Monday, June 12, 2017

Fatigue, and Other Inconsequential Ramblings of a Condemned Man

Regarding fatigue, there has been a cycle in my life.
- When I was a baby: just fall asleep, wherever, whenever.
- When I was a child: just take a nap.
- When I grew older: just go to bed early.
- When I was in the Army: Suck It Up, Cupcake!
- After my Army days: just don’t go out tonight, go to bed early.
- When Eleanor was born: just take a nap.
I long for the days when I will be able to fall asleep, wherever, whenever. For now, I am in a constant state of limbo caused by my multiple sclerosis: Fatigue.
When does fatigue set in? When does it replace other words?
This is not only a battle with my multiple sclerosis, but it is also a struggle with every perception I face, with myself and others. Many symptoms have their telltale signs: a limp, my struggle with a fork, slurring and staggering, even my oddball forgetfulness, there are usually signs or indicators how ‘something is not quite right’ with KB.
My fatigue is something different. I may be groggy and lethargic, as if I have been up for the last 47 hours straight. Chances are, however, that is not the case. More likely, it seems as if I have plenty of energy, but I just don’t want to do anything except sit there and watch TV, drink a beer with my friends, or stare at the computer.
Is it physical? Mental? Emotional?
Yes. Yes. Yes.
Fatigue is the loss or degradation of energy, physical, mental, and emotional. I track so many points of data in my day, I’ve developed the ability to forecast fatigue:
- When I don’t get enough sleep (less than six hours of sleep, two or more days in a row).
- When I get too much sleep (greater than eight hours of sleep).
- When I don’t have enough sugar my diet/too much sugar in my diet.
- When it’s too hot/too cold.
- When I exercise too hard or too long/don’t get enough exercise.
- When I follow my regimen for too many days in a row/I have too much flux in my schedule.
-When I push myself too hard/don’t have enough activity in my day.
Then, there are those days where everything is perfect. My sleep, diet, exercise perfectly blend24 with the weather, and with all the outside demands of life. On those rare, jewel-like moments, it’s a 50-50 crapshoot as to whether I’m going to have energy or not.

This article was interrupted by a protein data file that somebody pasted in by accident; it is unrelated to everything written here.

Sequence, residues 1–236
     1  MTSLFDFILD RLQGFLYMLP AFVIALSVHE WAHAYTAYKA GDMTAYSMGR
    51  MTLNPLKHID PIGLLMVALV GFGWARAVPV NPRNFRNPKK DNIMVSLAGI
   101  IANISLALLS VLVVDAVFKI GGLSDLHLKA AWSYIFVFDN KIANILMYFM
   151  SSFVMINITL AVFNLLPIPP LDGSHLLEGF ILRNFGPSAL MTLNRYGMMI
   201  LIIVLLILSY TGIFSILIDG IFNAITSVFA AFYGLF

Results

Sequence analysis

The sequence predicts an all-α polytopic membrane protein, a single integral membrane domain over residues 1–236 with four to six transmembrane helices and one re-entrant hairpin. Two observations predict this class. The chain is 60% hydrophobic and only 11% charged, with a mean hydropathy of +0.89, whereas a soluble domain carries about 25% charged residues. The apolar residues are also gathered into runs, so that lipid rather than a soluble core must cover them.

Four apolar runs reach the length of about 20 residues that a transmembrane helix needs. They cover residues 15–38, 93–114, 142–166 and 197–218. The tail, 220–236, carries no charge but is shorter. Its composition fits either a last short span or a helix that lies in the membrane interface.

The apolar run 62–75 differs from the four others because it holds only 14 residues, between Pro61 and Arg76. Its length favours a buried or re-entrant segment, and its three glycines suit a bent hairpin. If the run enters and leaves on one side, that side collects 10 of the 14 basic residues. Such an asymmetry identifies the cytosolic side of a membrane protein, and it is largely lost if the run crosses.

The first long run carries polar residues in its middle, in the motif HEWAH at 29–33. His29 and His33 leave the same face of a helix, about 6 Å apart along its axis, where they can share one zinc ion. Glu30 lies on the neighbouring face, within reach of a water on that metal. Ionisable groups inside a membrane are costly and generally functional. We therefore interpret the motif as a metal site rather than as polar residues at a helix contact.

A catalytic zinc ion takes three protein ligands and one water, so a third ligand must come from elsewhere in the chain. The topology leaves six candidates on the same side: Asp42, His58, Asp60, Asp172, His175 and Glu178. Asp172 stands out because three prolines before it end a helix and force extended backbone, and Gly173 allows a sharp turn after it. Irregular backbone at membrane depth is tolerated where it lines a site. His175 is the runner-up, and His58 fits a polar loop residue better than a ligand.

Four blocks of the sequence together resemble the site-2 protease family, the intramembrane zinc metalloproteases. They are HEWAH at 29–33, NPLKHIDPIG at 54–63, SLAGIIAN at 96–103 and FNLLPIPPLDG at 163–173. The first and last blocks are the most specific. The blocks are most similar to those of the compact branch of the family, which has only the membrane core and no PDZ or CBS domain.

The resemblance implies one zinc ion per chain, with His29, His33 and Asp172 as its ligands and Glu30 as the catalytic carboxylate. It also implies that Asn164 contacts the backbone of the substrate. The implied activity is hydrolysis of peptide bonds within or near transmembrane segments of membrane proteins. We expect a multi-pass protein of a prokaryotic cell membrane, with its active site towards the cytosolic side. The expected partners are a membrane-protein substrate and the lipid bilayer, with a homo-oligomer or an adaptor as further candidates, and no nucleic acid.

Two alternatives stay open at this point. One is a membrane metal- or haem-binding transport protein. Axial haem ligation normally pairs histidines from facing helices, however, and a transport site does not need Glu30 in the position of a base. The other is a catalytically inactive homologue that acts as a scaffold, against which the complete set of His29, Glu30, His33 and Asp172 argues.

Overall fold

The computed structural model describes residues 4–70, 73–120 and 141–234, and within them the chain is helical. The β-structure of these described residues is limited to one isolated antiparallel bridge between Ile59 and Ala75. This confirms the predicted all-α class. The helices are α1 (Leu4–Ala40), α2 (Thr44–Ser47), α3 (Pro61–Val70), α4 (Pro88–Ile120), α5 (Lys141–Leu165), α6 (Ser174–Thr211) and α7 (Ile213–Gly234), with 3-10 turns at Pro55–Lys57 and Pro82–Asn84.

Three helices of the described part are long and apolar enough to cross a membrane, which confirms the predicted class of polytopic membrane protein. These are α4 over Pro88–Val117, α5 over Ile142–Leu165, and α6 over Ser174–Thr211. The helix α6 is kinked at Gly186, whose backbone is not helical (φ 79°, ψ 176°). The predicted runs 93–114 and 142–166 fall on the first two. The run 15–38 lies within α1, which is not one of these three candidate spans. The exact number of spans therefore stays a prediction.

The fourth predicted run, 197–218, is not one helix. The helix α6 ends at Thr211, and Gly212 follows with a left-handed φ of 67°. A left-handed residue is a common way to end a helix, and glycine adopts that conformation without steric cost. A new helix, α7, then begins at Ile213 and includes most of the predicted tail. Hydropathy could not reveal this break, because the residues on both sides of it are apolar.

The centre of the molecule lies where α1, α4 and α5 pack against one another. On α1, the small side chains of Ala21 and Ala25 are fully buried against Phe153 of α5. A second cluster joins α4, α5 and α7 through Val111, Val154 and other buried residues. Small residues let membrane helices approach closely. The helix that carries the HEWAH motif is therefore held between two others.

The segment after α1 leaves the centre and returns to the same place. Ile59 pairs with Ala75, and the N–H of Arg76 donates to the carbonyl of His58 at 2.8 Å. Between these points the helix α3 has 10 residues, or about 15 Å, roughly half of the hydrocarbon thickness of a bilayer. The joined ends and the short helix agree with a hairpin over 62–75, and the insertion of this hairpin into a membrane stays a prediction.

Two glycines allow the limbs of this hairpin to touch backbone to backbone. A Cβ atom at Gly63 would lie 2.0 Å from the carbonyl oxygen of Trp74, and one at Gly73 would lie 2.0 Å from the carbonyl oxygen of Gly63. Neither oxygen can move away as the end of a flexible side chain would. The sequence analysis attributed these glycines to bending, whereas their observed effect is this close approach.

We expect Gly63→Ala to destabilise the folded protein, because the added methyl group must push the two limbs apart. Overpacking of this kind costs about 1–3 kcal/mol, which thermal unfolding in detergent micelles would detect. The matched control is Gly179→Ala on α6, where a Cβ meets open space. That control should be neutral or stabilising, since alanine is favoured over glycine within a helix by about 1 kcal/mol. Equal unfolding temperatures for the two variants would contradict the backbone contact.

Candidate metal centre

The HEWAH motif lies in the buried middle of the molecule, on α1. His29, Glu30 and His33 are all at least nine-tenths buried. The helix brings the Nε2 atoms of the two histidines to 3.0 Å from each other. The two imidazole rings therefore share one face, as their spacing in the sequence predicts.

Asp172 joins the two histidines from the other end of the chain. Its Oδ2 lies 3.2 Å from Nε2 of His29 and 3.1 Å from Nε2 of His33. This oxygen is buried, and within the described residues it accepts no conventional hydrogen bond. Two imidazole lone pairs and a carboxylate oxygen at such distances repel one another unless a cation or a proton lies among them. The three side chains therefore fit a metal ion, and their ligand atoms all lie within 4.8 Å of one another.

I’ve never been middle-aged before. Maybe some of it has to do with my 45-year-old frame… I don’t know.
When Brie and I moved to Oregon, I fell in love with hiking and climbing. Nothing compared to the feeling of pushing my body up and down steep trails for hours, in peaceful solitude, with only my thoughts and music to comfort as I pushed my body harder. The first few hikes absolutely kicked my ass within 45 minutes. I thought it was just this Bronx-born body rejecting nature until a friend of mine recommended getting a set of trekking poles. Something simple like taking that added struggle of balance away made all the difference in my energy level. My speed increased 3x over while endurance seemed limitless.
With my MS, the added struggles of balance, strength, memory, coordination, etc. take their toll on what I can do. As my activity decreases, so does my ability to push the next day. It’s a cycle that feeds on itself…
Here’s about all I can commit to you. I will never use my fatigue as an excuse to avoid something. I will proudly proclaim any reason I am not participating: I don’t like it, I don’t like you, I have something better to do, I think it is stupid, I don’t like (fill in the blank).
If, instead, I just avoid participation with no excuse offered, my wants or likes are irrelevant.
I can’t. For the moment, I just cannot do anything. I promise, though, when I can, I will.
Unless I really don’t like you (in which case I will tell you).

But for now, I’m off to the gym. My body is like it has some energy for physical therapy. I hope it lasts the drive there…


Occurs in about 80% of people, can significantly interfere with the ability to function at home and work, and may be the most prominent symptom in a person who otherwise has minimal activity limitations.

The fight is not over and it won’t be over until a cure is found.
It will never stop…nor will we
It will never quit…nor will we
This is why we fight!

Never Stop… Never Quit…®
Kevin Byrne
Portland, OR

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